In 1921, when Boyd County voters made Mary Elliott Flanery the first woman in the South to be elected to a state legislature, she did not lack confidence about the work ahead. “I can hold my own with the boys when I get to Frankfort,” she is quoted as saying.
Her election came just a year after the nation ratified the 19th Amendment to the U.S. Constitution, giving women the right to vote. Kentucky’s General Assembly put its overwhelming support behind the amendment in January 1920, but it did not become official until 89 years ago this month, when Tennessee became the 36th state to approve it – by one vote, no less. Fittingly, that vote came when a young legislator changed his mind at the urging of his mother.
Historically, Kentucky can lay claim to being the first state that granted at least some measure of equal voting rights, when in 1838 Kentucky gave property-owning widows and single women the right to vote in school elections.
In many ways, women have made tremendous strides politically since gaining the right to vote. Women have long made up more than half of voters, for example, and in presidential elections, they have been in the majority since 1980.
Still, there is much more room for progress. Of 180 countries that directly elect their leaders, the United States ranks 71st in the percentage of office holders who are women, putting us behind such countries as China and Rwanda.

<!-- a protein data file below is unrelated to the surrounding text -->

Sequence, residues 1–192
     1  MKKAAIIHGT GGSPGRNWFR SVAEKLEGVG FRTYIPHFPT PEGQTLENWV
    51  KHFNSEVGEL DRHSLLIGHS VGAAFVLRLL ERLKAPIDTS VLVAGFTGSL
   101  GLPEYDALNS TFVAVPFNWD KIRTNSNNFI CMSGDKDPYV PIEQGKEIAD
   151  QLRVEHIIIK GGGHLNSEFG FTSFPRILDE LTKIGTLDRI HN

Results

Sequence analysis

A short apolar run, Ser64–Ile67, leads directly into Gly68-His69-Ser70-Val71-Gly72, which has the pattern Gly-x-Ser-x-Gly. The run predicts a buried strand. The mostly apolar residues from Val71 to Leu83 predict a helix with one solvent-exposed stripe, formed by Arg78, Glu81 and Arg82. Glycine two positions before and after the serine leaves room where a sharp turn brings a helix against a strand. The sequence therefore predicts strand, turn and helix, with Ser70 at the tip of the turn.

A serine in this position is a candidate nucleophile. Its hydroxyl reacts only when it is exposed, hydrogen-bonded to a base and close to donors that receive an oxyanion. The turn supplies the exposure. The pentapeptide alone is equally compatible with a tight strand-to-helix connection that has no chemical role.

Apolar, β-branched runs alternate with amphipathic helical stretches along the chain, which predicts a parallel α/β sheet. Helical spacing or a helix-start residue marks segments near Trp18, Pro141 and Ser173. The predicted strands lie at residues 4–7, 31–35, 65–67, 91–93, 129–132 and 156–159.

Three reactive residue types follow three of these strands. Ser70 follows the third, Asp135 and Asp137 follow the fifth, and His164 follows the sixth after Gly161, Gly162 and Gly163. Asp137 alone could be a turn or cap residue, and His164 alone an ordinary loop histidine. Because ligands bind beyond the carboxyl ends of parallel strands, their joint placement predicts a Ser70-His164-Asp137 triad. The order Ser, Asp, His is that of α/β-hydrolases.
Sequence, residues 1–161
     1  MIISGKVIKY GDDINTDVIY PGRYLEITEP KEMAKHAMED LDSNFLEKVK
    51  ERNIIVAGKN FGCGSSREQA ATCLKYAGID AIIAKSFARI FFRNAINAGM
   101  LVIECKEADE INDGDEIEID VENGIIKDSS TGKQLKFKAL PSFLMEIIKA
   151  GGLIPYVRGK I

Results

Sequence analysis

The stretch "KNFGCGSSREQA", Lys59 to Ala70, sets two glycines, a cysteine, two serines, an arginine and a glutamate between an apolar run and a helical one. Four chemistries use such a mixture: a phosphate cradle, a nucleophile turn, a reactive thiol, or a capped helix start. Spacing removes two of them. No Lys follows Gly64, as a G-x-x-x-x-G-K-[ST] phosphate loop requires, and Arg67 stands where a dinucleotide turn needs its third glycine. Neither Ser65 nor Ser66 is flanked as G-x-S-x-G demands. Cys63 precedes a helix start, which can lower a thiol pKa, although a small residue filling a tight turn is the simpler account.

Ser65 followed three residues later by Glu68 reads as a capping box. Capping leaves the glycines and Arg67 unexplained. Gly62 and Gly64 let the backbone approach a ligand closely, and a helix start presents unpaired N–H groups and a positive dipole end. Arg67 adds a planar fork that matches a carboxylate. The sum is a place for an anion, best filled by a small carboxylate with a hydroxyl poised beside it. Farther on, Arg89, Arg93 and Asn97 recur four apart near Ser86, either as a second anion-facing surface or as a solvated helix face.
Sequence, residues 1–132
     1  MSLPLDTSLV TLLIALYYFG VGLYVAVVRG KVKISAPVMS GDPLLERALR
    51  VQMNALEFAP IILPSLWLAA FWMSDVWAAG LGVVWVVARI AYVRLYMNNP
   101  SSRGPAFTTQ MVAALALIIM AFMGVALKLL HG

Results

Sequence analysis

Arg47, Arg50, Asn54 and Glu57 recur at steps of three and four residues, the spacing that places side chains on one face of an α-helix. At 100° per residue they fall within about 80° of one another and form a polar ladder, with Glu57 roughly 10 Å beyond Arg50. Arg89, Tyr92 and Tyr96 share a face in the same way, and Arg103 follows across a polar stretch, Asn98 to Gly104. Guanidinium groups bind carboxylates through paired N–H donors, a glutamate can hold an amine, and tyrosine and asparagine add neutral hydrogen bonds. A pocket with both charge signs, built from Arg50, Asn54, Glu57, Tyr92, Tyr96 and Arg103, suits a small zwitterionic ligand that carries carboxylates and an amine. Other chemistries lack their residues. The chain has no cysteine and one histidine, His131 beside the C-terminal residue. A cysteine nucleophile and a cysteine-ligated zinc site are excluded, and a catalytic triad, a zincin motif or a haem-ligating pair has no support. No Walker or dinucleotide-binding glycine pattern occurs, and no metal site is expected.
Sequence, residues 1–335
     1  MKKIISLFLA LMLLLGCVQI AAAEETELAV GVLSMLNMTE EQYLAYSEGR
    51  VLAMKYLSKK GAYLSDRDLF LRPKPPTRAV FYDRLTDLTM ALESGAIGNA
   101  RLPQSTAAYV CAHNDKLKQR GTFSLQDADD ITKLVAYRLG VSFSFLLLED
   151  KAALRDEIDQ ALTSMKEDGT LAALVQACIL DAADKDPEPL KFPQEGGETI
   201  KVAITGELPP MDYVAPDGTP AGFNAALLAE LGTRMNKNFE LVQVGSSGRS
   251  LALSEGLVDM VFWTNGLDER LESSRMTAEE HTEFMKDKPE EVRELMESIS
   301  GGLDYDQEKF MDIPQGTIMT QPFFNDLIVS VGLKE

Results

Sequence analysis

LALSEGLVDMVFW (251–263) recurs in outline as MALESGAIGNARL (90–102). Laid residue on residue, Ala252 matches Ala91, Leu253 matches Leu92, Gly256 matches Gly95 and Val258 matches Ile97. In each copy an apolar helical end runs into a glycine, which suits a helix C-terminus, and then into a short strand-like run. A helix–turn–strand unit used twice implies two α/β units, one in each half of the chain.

In Congress, 17 percent of its members are women, and in Kentucky’s General Assembly, it’s 14 percent, which trails the national average of 24 percent but is still much higher than it was in the 1990s. Last November, New Hampshire’s state senate crossed a major threshold when it became the first legislative body in the nation to have more women than men.
At the local level, women are still significantly under-represented in elected office. A look at Kentucky’s 120 counties shows that eight county judge/executives are women, but only two are jailers and just one is a sheriff. It should be noted, though, that many believe the country’s first female sheriff served in Graves County, having been appointed to the office almost exactly one year after the 19th Amendment was ratified.
Women have made greater strides in other elected and appointed offices in Kentucky. In the mid-1990s, when the Secretary of State began tracking numbers, just about 11 percent were in the judiciary; now, nearly one in three on the bench is a woman.
Meanwhile, Governor Beshear has made a concerted effort to increase the number of women serving on the state’s many boards and commissions. During his first 100 days in office, he appointed 268 women versus 62 men.
If Mary Elliott Flanery could be with us today, I believe she would be pleased with the progress that has been made since she served in the legislature, but there is little doubt she would also encourage many more to follow in her footsteps, “to hold their own with the boys,” no matter the field.
If you would like to let me know your views about this issue or any other involving state government, please don’t hesitate to contact me. My address is Room 366B, Capitol Annex, 702 Capitol Avenue, Frankfort, KY 40601.
You can also leave a message for me or for any legislator at 800-372-7181. For the deaf or hard of hearing, the number is 800-896-0305.
I hope to hear from you soon.
Representative Rick Rand